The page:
Unique skull find rebuts theories on species diversity in early humans
Paleoanthropologists from the University of Zurich have uncovered the intact skull of an early Homo individual in Dmanisi, Georgia.
This find is forcing a change in perspective in the field of paleoanthropology: human species diversity two million years ago was much smaller than presumed thus far. However, diversity within the Homo erectus, the first global species of human, was as great as in humans today.
This is the best-preserved fossil find yet from the early era of our genus. The particularly interesting aspect is that it displays a combination of features that were unknown to us before the find. The skull, found in Dmanisi by anthropologists from the University of Zurich as part of a collaboration with colleagues in Georgia funded by the Swiss National Science Foundation, has the largest face, the most massively built jaw and teeth and the smallest brain within the Dmanisi group.
It is the fifth skull to be discovered in Dmanisi. Previously, four equally well-preserved hominid skulls as well as some skeletal parts had been found there. Taken as a whole, the finds show that the first representatives of the genus Homo began to expand from Africa through Eurasia as far back as 1.85 million years ago.
Diversity within a species instead of species diversity
Because the skull is completely intact, it can provide answers to various questions which up until now had offered broad scope for speculation. These relate to none less than the evolutionary beginning of the genus Homo in Africa around two million years ago at the beginning of the Ice Age, also referred to as the Pleistocene. Were there several specialized Homo species in Africa at the time, at least one of which was able to spread outside of Africa too? Or was there just one single species that was able to cope with a variety of ecosystems?
Although the early Homo finds in Africa demonstrate large variation, it has not been possible to decide on answers to these questions in the past. One reason for this relates to the fossils available, as Christoph Zollikofer, anthropologist at the University of Zurich, explains: Most of these fossils represent single fragmentary finds from multiple points in space and geological time of at least 500,000 years. This ultimately makes it difficult to recognize variation among species in the African fossils as opposed to variation within species.
As many species as there are researchers
Marcia Ponce de León, who is also an anthropologist at the University of Zurich, points out another reason: paleoanthropologists often tacitly assumed that the fossil they had just found was representative for the species, i.e. that it aptly demonstrated the characteristics of the species. Statistically this is not very likely, she says, but nevertheless there were researchers who proposed up to five contemporary species of early Homo in Africa, including Homo habilis, Homo rudolfensis, Homo ergaster and Homo erectus. Ponce de León sums up the problem as follows: At present there are as many subdivisions between species as there are researchers examining this problem.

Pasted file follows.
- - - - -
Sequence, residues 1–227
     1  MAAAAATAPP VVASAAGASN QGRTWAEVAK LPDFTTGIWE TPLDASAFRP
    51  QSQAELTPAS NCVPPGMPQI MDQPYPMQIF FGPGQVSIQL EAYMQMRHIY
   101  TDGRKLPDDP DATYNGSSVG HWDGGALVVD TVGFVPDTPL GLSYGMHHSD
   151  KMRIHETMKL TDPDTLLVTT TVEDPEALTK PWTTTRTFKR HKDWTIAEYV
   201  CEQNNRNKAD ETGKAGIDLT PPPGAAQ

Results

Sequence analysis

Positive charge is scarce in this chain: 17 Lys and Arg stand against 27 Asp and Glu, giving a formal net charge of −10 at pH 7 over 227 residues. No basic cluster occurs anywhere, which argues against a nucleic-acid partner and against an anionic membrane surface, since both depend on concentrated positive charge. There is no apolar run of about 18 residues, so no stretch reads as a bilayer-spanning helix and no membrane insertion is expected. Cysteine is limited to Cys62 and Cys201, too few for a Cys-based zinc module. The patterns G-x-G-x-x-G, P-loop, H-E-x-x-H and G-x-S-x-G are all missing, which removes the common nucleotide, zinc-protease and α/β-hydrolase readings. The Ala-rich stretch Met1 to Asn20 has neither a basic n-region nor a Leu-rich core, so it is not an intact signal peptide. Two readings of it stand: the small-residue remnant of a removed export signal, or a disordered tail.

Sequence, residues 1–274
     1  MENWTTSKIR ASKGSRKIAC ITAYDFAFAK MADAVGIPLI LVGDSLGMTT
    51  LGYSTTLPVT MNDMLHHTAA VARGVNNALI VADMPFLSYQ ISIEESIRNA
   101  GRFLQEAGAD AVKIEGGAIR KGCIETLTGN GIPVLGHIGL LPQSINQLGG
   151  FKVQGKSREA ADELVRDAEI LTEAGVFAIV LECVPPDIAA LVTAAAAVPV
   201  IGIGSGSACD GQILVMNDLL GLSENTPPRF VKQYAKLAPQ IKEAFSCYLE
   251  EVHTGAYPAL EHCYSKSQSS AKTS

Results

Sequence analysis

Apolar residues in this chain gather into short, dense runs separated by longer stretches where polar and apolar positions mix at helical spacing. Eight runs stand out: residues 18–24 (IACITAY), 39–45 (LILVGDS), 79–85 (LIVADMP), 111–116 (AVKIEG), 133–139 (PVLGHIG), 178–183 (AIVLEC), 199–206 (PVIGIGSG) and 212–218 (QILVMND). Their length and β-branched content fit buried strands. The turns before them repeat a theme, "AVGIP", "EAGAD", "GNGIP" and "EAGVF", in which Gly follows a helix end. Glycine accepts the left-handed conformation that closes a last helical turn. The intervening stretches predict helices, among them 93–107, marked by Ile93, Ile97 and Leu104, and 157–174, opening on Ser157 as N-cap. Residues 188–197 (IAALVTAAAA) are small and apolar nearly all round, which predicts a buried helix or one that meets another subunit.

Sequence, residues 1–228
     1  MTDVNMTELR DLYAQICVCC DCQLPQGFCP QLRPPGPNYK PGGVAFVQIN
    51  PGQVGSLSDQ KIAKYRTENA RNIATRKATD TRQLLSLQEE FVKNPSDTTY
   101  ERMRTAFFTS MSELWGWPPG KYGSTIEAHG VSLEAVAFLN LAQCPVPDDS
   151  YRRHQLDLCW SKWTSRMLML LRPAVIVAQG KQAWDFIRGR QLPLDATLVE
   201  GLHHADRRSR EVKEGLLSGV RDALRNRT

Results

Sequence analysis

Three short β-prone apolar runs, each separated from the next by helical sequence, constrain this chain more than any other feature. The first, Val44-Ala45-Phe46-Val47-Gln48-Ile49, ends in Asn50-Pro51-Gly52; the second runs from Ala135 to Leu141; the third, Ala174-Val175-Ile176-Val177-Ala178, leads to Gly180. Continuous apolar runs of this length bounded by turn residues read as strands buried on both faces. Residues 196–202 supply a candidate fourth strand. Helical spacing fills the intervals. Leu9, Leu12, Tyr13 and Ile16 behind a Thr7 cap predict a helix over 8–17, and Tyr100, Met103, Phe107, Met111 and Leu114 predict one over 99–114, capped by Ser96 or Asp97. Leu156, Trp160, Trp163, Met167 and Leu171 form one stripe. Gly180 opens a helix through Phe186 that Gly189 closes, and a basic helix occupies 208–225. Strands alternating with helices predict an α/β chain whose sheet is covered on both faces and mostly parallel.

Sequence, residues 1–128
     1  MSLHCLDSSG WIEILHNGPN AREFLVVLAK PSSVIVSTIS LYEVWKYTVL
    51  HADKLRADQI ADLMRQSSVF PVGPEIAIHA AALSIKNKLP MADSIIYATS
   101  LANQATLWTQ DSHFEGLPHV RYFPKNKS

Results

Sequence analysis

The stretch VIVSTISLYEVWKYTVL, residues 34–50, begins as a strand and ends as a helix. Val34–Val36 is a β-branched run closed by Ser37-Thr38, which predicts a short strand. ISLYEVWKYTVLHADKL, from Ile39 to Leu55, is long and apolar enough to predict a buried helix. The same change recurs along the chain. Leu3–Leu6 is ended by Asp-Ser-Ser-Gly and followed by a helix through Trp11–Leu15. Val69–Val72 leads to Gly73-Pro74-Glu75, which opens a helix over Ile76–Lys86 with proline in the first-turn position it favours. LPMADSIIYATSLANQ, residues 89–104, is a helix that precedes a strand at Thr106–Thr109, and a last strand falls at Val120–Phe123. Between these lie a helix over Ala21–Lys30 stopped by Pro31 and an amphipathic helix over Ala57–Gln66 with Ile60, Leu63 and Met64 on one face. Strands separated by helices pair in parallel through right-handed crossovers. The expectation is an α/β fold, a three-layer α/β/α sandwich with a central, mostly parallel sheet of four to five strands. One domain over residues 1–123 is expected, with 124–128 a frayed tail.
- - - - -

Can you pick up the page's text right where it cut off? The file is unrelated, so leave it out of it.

Tracking development of Homo erectus over one million years thanks to a change in perspective
Dmanisi now offers the key to the solution. According to Zollikofer, the reason why Skull 5 is so important is that it unites features that have been used previously as an argument for defining different African species. In other words: Had the braincase and the face of the Dmanisi sample been found as separate fossils, they very probably would have been attributed to two different species.
Ponce de León adds: It is also decisive that we have five well-preserved individuals in Dmanisi whom we know to have lived in the same place and at the same time. These unique circumstances of the find make it possible to compare variation in Dmanisi with variation in modern human and chimpanzee populations. Zollikofer summarizes the result of the statistical analyses as follows: Firstly, the Dmanisi individuals all belong to a population of a single early Homo species. Secondly, the five Dmanisi individuals are conspicuously different from each other, but not more different than any five modern human individuals, or five chimpanzee individuals from a given population.
Diversity within a species is thus the rule rather than the exception. The present findings are supported by an additional study recently published in the PNAS journal. In that study, Ponce de León, Zollikofer and further colleagues show that differences in jaw morphology between the Dmanisi individuals are mostly due to differences in dental wear.
This shows the need for a change in perspective: the African fossils from around 1.8 million years ago likely represent representatives from one and the same species, best described as Homo erectus. This would suggest that Homo erectus evolved about 2 million years ago in Africa, and soon expanded through Eurasia – via places such as Dmanisi – as far as China and Java, where it is first documented from about 1.2 million years ago. Comparing diversity patterns in Africa, Eurasia and East Asia provides clues on the population biology of this first global human species.
This makes Homo erectus the first global player in human evolution. Its redefinition now provides an opportunity to track this fossil human species over a time span of 1 million years.
Header Image : Computer reconstruction of the five Dmanisi skulls; Picture: Marcia Ponce de León and Christoph Zollikofer, University of Zurich, Switzerland
Contributing Source : University of Zurich
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